TORONTO -- When a storm system covered Toronto with 2 inches of snow earlier this month, Patrick Marleau's four sons couldn't wait to test out the unfamiliar gift from Mother Nature.
"Having spent all their lives in California, this was all new to them," Marleau said. "They couldn't wait to get out there and do snow angels."
The move from San Jose to Toronto this offseason certainly has resulted in a different lifestyle for Marleau's sons, Landon, 10, Brody, 8, Jagger, 6, and Caleb, 2, with the approaching Canadian winter arguably the biggest change.
Though a good dumping of snow is nothing new for Marleau, who grew up in Aneroid, Saskatchewan, his decision to leave the San Jose Sharks after 19 seasons and sign a three-year contract as an unrestricted free agent with the Toronto Maple Leafs on July 2 has brought a significant adjustment of its own.
"For sure, it's been the travel," Marleau said. "It's been a lot different."
A year ago, goalie Frederik Andersen went through the same transition after being traded by the Anaheim Ducks to the Maple Leafs.
For teams on the West Coast like the Sharks and Ducks, road trips often are multicity, mile-gobbling journeys that involve changing time zones a handful of times. For players like Marleau and Andersen, this was a part of life in the Western Conference.
As such, packing a suitcase in the East seems a much simpler task.
Perhaps that's why Marleau and Andersen each broke into a mischievous grin earlier this week when the Maple Leafs' upcoming schedule, which features 14 of 18 games on the road beginning with a 2-1 shootout loss to the Florida Panthers on Wednesday, was brought up.
Some local media outlets have portrayed the run as a grueling stretch. Marleau and Andersen certainly don't see it that way.
"In general, instead of being away for a week or two, there are a lot of one- and two-game trips," said Marleau, whose Maple Leafs play at the Carolina Hurricanes on Friday (7:30 p.m. ET; FS-CR, TSN4, NHL.TV), before returning home to play the Washington Capitals on Saturday. "Go to Montreal and come back. Go to Ottawa and come back. It's different in that respect. There, once you are on the road, you stay there awhile. Here you are back and forth a lot.
"There's certain things that are positive about being on the road. You're in a group, in a team concept type of thing, going out for dinners, things like that that can help us win."
According to ontheforecheck.com, the Sharks will travel 45,407 miles this season, 10th in the NHL. The Maple Leafs will travel 35,689 miles, 27th in the League, fewer than all but the Detroit Red Wings (34,759), Buffalo Sabres (34,175), New Jersey Devils (34,052) and Pittsburgh Penguins (34,041).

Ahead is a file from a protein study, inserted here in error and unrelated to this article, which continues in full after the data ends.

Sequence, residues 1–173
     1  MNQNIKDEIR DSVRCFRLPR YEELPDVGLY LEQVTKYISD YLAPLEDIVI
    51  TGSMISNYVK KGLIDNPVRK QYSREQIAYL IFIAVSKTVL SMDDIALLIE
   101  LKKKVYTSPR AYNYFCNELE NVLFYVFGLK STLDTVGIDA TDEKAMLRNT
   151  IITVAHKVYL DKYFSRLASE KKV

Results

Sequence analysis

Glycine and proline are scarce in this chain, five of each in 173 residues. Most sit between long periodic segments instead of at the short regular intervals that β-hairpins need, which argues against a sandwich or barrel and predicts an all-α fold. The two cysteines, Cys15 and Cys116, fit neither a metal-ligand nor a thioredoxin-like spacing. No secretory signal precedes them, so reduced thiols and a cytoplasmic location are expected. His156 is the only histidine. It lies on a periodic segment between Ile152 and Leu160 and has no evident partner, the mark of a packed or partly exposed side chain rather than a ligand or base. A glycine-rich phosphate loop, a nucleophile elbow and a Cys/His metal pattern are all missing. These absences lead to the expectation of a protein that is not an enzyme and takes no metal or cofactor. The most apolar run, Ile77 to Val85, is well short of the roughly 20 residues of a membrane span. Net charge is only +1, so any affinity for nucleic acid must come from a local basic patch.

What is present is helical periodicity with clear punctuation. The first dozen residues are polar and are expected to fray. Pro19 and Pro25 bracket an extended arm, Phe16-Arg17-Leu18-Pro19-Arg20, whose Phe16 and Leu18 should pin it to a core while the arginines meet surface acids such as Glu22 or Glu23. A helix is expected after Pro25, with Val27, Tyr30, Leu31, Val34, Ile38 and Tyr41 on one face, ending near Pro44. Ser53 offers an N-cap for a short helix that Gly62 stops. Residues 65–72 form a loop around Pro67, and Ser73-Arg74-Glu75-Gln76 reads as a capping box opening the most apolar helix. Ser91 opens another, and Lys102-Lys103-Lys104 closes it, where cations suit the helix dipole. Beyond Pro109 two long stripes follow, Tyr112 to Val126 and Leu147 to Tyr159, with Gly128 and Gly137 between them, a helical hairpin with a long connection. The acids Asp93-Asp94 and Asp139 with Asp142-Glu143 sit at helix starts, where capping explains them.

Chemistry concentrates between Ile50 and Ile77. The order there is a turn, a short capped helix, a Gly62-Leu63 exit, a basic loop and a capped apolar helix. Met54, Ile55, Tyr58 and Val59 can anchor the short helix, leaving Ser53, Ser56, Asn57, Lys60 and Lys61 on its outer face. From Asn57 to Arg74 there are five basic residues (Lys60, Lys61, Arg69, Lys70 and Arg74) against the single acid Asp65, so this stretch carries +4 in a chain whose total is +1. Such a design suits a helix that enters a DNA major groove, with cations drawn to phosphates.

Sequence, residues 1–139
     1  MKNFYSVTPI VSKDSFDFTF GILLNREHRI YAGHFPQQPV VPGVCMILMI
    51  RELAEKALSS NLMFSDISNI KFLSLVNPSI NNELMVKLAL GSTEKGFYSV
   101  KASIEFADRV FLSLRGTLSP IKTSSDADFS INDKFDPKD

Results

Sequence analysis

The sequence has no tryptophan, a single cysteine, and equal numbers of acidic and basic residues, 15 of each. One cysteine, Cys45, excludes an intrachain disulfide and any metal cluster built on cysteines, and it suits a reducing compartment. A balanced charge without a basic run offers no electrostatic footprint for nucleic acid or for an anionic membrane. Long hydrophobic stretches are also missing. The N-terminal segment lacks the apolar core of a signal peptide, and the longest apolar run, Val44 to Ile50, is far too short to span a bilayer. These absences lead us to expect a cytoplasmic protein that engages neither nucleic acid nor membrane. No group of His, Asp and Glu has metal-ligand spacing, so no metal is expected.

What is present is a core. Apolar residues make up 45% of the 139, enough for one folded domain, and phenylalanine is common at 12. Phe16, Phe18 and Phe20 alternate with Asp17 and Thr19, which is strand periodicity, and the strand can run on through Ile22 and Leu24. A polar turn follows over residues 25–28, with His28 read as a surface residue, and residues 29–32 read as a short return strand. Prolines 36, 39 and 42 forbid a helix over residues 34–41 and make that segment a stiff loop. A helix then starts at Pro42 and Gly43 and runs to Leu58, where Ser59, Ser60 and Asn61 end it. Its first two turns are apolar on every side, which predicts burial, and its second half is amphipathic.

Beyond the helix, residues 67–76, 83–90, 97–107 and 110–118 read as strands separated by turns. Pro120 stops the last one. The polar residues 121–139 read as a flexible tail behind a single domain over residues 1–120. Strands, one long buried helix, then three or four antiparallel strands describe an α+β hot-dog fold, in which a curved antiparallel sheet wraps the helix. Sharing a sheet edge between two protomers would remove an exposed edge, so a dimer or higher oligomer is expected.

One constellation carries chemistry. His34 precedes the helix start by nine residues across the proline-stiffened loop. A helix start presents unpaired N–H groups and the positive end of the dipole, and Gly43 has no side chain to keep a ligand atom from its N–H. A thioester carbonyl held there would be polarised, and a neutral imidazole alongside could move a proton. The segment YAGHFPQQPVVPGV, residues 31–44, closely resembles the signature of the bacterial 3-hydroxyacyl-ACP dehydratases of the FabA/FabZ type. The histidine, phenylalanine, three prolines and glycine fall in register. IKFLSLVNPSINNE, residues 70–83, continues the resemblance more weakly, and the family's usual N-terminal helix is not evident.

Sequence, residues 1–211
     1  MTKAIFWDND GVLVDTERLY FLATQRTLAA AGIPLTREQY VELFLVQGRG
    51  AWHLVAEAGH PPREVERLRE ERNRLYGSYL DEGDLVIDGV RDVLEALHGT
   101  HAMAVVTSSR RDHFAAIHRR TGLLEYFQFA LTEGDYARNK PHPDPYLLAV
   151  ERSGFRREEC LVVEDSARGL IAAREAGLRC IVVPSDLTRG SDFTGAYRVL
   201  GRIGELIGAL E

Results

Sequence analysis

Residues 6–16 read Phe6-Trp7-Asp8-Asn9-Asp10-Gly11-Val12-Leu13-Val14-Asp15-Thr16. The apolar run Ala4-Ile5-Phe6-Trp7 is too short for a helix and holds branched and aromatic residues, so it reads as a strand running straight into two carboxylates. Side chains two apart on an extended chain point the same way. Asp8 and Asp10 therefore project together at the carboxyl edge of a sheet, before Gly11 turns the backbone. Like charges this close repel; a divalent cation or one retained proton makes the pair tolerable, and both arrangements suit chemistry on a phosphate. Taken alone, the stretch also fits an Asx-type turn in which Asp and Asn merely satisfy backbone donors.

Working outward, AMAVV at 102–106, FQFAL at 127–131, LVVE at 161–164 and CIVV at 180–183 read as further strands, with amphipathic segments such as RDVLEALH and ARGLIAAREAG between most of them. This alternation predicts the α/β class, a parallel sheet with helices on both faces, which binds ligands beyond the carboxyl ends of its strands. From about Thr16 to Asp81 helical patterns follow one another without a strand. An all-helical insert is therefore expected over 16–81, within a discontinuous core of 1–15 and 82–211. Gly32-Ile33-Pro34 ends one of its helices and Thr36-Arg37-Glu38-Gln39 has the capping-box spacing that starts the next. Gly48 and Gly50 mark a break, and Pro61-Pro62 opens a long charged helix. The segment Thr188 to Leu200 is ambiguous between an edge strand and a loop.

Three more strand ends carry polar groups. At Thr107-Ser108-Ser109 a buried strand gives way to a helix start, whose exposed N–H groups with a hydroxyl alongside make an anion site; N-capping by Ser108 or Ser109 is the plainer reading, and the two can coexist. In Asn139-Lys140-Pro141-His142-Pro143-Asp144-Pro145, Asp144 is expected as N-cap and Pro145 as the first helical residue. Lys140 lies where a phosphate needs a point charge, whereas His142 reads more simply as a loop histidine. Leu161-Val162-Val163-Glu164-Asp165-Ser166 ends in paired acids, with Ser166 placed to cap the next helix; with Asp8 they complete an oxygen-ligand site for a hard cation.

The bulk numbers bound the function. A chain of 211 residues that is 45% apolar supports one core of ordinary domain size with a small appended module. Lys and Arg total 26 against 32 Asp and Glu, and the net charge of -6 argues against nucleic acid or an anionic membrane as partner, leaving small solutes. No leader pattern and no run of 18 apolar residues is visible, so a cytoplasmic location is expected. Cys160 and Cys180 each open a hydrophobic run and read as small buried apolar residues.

Video: BOS@TOR: Marleau nets tic-tac-toe goal for OT winner
Since taking over as Sharks coach in 2015, Peter DeBoer has employed a plan featuring more off days and optional practices in order to combat the travel schedule. It's a recipe that Marleau and his former Sharks teammates claim kept them rested during their run to the Stanley Cup Final in 2016.
"I came to appreciate the benefit of showing up at the rink with as much energy as possible on game day, and not overcoaching on the off days," DeBoer said. "I think the players appreciated it too."
Marleau certainly did during his final two seasons with the Sharks.
"I think with the travel out there, you get home late after a back-to-back, you get that next day off," he said. "It was a lot more geared to getting ready for games, not as many practices."
To Marleau's point: During one stretch last season, San Jose played 16 games in 31 days, including five back-to-backs, three of which were on the road.
Interestingly, Andersen in some ways preferred the travel in the West, claiming he'd like to be on the road for longer chunks of the schedule.
"I would complain about the East schedule," he said. "I would rather string together a bunch of road games in a row and then stay home for a stretch. I think that's what they do in the West a lot more. Here in the East we've got to take a lot of short trips, obviously a lot more shorter flights. That's kind of my take on it.
"I know it's probably different for guys with families and kids. They don't want to be away too long. But I think it's good for them to get out of the house too."
Either way, Andersen understands the importance of the Maple Leafs making the most of these next 18 games.
"At the end of the day, it matters how many points we can gain in this stretch," he said. "If we can get through this with a good amount of points, it'll be huge for us. Then again, it won't matter that much if we don't take care of business on home ice."
The Maple Leafs will start 2018 with six consecutive games at Air Canada Centre, beginning with a game against the Tampa Bay Lightning on Jan. 2. By that time, there should be plenty of white stuff on the ground for the members of the Marleau clan to make their beloved snow angels.